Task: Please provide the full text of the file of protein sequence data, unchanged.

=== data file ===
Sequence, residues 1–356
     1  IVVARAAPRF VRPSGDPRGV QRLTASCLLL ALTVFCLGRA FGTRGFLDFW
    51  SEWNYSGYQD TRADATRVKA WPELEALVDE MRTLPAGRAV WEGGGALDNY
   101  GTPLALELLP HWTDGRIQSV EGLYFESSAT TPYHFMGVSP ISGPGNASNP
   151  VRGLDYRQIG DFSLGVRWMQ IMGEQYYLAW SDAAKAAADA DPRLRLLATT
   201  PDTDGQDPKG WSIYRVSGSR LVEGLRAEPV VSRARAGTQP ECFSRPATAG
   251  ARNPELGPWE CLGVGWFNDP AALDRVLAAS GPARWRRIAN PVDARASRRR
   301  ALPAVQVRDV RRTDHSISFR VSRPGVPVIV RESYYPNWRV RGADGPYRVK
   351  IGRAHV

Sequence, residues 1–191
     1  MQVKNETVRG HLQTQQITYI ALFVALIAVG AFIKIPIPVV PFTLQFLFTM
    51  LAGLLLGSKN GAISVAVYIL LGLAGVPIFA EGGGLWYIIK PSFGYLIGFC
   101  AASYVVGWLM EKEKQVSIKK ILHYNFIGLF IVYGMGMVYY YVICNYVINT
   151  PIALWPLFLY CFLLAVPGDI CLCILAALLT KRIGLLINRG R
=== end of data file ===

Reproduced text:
Sequence, residues 1–356
     1  IVVARAAPRF VRPSGDPRGV QRLTASCLLL ALTVFCLGRA FGTRGFLDFW
    51  SEWNYSGYQD TRADATRVKA WPELEALVDE MRTLPAGRAV WEGGGALDNY
   101  GTPLALELLP HWTDGRIQSV EGLYFESSAT TPYHFMGVSP ISGPGNASNP
   151  VRGLDYRQIG DFSLGVRWMQ IMGEQYYLAW SDAAKAAADA DPRLRLLATT
   201  PDTDGQDPKG WSIYRVSGSR LVEGLRAEPV VSRARAGTQP ECFSRPATAG
   251  ARNPELGPWE CLGVGWFNDP AALDRVLAAS GPARWRRIAN PVDARASRRR
   301  ALPAVQVRDV RRTDHSISFR VSRPGVPVIV RESYYPNWRV RGADGPYRVK
   351  IGRAHV

Sequence, residues 1–191
     1  MQVKNETVRG HLQTQQITYI ALFVALIAVG AFIKIPIPVV PFTLQFLFTM
    51  LAGLLLGSKN GAISVAVYIL LGLAGVPIFA EGGGLWYIIK PSFGYLIGFC
   101  AASYVVGWLM EKEKQVSIKK ILHYNFIGLF IVYGMGMVYY YVICNYVINT
   151  PIALWPLFLY CFLLAVPGDI CLCILAALLT KRIGLLINRG R